Great Balls of Fire: Fireballs in the Night Sky

On Sunday night, Hundreds of people across the British Isles reported seeing a large fireball blazing across the night sky then exploding in a bright flash, that was followed by a shower of brightly lit orange fragments falling to earth. The fireball was seen just before 10pm as it blazed its trail through the atmosphere for around six seconds.The UK Meteor Network, an amateur group of astronomy enthusiasts that meticulously logs meteor and fireball sightings, said it had received over 120 reports of the exploding fireball.In years gone by, fireballs, meteors and comets have fired up the public imagination, in Roman and medieval times, the arrival of a blazing fireball in the night sky was seen as a portent either of an imminent disaster or as the herald of a new age.

So what exactly is a fireball?

A fireball is a very bright meteor also known as a falling or shooting star. It’s the visible passage, the light streak, of a glowing meteoroid or asteroid that crashes through the Earth’s atmosphere. After a meteoriod hits the atmosphere, its heated to bright incandescence by friction with air molecules in the Earth’s upper atmosphere. This creates the streak of light.Generally, a fireball is brighter than magnitude -4, which is about the same magnitude as Venus as seen in the night sky. Meteoroids, also known as meteorites, range in size from metre-wide pieces of rock to small dust particles moving through space that have managed to escape the gravitational pull of other planets.Most are fragments of asteroids from the Asteroid Belt between the orbits of Jupiter and Mars. Others are from comets that orbit the sun. Asteroids, space rocks larger than a metre wide, explode into the atmosphere, creating huge fireballs, and are potentially cataclysmic events.The fireball seen on Sunday night, is technically known as a bolide, a type of fireball which explodes in a bright flash at its end, often with visible glowing fragments falling to earth. Researchers believe that on Sunday most of the fireball vapourised during the six seconds of its visible flight. But it’s thought that some fragments reached the ground, falling just north of Cheltenham, on farm land, in the Cotswolds, between Winchcombe and Stow-on-the-Wold.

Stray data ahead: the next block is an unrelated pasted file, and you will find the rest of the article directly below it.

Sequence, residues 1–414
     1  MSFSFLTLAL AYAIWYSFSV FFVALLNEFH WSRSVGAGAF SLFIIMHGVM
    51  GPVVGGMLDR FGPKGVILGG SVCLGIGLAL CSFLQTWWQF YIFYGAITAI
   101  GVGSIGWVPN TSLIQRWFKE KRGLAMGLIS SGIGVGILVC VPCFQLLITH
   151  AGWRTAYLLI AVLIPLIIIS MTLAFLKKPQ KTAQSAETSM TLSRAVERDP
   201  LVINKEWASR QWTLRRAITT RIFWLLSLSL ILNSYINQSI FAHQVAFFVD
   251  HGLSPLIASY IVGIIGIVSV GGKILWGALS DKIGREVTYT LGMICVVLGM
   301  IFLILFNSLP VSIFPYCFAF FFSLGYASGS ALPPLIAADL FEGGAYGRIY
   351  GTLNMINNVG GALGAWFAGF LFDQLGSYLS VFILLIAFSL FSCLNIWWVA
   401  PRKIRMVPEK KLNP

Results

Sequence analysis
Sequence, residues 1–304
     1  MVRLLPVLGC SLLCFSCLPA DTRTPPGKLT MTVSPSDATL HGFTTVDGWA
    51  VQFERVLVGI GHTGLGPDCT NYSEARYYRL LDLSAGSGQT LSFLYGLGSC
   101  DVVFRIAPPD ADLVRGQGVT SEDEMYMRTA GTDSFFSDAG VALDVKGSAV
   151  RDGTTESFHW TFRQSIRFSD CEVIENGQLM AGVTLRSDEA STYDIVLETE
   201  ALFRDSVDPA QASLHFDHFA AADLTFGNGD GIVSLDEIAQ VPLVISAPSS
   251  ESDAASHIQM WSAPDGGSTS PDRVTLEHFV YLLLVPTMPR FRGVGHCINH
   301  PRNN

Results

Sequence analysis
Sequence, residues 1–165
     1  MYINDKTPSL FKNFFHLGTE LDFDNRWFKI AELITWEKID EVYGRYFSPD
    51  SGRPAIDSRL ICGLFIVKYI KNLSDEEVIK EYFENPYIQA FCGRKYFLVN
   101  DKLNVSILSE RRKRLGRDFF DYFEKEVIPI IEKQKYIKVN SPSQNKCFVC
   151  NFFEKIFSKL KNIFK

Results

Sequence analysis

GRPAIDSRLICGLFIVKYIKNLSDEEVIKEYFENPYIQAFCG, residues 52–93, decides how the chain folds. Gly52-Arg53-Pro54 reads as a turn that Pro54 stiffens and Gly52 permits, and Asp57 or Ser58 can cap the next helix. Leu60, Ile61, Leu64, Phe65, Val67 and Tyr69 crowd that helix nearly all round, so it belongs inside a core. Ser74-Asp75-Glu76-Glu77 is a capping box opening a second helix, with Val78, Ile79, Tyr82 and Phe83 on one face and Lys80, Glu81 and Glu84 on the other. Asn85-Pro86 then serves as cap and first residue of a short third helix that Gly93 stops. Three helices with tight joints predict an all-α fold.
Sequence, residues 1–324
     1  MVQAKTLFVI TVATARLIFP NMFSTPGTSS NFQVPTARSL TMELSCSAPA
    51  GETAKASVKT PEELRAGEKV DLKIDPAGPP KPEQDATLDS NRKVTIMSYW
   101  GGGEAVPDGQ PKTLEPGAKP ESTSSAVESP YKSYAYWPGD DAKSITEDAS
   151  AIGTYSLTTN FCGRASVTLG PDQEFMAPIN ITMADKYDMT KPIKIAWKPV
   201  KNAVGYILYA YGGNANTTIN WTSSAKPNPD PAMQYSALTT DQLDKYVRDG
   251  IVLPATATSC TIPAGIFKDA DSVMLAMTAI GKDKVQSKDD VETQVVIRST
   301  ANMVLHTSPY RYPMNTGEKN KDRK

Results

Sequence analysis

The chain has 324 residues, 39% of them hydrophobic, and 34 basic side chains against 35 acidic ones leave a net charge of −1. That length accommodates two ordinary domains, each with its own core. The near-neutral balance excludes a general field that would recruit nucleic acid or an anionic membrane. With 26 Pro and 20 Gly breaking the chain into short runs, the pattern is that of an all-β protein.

Don’t pick up fallen fragments of the fireball

Scientists have warned the public not to touch these fragments, if they find them. To avoid any contamination, that might affect the analysis of these objects, take note of their position and photograph them in place.If you happen to see another fireball fall to earth, at any time, remember to report all the details to the skywatchers at the UK Meteor Network, the UK Fireball Network or the UK Fireball Alliance who are very keen to log such events.All of these groups attempt to recover UK meteorite falls, and these meteorites can often reveal vital information regarding how the solar system formed, and the orbits of these falling rocks can determine from which asteroid or asteroid families they originated.